I embarked on the journey of reading Abraham Verghese’s novel Cutting for Stone this week, a task not to be taken lightly when more than 600 pages are involved. This wealth of a novel brings with it an incredible complexity as it follows generations through the years.
The character Marion Stone tells the tale of his past in Addis Ababa in Ethiopia, Africa. Abandoned as orphans at birth, Marion and his twin Shiva are now raised by a gynecologist named Hema and an internal medicine doctor named Gosh. Their mother Sister Mary Joseph Praise, a surgeon’s assistant, died in childbirth while their father Thomas Stone, her surgeon, ran away upon her death. Missing Hospital was radically transformed by their departures, both by their absence and the fresh arrival of the twins. Caring for the twins brings Hema and Ghosh together, allowing them to realize their emotions of affection for each other that were buried all along.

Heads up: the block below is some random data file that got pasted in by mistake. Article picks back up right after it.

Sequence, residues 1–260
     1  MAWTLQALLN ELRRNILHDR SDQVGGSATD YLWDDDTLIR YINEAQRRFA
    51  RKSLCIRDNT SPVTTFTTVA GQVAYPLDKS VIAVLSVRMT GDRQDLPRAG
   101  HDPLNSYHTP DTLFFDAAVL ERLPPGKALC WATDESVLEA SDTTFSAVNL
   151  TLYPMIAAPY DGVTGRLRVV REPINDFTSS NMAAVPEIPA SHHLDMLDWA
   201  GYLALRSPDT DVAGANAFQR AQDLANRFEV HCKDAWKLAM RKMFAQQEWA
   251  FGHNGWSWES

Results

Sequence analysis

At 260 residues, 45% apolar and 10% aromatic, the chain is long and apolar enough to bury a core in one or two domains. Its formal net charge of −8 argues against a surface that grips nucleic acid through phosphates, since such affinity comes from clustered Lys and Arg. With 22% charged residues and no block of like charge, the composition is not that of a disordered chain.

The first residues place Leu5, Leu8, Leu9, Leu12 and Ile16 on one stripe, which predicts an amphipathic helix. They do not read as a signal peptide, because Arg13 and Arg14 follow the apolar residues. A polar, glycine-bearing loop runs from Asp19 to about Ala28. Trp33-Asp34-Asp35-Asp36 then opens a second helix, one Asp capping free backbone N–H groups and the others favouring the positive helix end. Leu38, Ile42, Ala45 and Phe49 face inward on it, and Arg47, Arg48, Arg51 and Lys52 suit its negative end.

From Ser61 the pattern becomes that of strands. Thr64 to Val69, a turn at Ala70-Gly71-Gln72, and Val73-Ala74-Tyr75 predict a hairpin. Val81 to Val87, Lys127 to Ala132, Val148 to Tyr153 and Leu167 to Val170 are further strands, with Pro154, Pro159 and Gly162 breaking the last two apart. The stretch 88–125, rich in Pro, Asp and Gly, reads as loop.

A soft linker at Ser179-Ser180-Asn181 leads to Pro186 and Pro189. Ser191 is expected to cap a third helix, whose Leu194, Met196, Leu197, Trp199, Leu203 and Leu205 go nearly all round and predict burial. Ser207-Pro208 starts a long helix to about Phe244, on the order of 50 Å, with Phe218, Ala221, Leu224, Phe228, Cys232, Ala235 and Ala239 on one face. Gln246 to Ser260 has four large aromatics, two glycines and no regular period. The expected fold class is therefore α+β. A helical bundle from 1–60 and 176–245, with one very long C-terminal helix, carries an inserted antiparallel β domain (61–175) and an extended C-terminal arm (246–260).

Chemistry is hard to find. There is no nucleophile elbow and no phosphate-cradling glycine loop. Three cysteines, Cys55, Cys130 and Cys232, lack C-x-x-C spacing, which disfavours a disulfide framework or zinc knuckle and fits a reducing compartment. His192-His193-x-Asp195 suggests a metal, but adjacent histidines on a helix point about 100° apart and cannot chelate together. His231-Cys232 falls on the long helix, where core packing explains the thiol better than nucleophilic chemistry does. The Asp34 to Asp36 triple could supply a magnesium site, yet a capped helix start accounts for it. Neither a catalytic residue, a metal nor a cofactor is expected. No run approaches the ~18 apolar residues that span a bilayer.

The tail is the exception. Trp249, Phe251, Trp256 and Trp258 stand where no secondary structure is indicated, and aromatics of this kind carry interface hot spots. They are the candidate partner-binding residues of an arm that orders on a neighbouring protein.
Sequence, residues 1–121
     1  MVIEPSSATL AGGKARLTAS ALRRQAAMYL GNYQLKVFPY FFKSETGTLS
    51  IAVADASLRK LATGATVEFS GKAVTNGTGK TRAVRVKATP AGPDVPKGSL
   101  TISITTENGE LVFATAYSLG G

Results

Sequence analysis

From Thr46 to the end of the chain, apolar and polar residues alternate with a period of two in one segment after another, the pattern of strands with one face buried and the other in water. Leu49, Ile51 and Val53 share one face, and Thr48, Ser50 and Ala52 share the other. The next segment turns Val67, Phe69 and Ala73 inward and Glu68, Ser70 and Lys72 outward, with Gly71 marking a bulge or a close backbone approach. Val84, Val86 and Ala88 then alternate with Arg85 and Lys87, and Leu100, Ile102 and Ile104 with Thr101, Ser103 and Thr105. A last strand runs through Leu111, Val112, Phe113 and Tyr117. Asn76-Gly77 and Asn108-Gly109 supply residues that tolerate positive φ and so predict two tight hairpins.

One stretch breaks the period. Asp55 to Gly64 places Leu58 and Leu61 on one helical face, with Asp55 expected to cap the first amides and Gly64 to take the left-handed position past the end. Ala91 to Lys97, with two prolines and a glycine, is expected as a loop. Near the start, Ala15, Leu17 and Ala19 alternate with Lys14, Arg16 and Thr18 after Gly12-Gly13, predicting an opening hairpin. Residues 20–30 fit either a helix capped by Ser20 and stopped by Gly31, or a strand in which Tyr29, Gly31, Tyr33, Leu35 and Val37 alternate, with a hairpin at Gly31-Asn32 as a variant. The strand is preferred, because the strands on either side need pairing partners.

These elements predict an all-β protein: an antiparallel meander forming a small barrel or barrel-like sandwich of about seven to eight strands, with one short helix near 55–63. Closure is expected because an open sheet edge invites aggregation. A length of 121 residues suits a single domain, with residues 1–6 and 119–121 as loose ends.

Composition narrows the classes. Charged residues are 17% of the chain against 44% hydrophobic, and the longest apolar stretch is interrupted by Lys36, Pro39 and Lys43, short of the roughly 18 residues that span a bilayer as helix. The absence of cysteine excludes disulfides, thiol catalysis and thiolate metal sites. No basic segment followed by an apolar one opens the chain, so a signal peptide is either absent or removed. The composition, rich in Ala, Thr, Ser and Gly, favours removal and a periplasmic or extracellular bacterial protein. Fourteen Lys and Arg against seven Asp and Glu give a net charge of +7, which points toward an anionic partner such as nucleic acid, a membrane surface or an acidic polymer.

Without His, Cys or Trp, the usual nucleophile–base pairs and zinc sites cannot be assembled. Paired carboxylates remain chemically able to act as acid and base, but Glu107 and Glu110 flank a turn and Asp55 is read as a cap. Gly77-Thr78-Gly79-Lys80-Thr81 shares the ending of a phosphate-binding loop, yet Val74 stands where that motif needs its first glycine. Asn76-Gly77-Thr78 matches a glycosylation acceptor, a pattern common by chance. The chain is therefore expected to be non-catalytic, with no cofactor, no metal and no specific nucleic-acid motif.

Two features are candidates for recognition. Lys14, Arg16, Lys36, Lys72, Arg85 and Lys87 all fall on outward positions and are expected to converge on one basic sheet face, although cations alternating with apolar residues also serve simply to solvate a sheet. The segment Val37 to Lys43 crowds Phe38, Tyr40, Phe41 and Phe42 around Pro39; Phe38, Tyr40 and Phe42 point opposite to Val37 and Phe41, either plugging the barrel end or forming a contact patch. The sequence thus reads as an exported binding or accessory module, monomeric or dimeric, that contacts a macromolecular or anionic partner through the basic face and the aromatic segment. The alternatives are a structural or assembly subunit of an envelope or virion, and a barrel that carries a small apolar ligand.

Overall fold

Although I’m only about a third through the novel, it’s amazing to me just how thorough it is. The immense number of details help to paint a complete picture of this foreign world, and Verghese tackles many issues head-on. He not only skims the surface of these themes, such as medicine, religion, Indian culture, class, and more, but he delves into them and illuminates their depths. This elegantly written novel immerses the reader into an entirely different world; it’s the kind of book that I just don’t want to put down.
- What does this novel illuminate about illness from over a doctor’s shoulder?
- Discuss how the forces of religion and science are portrayed differently.
- How does Verghese successfully draw the reader into this tale?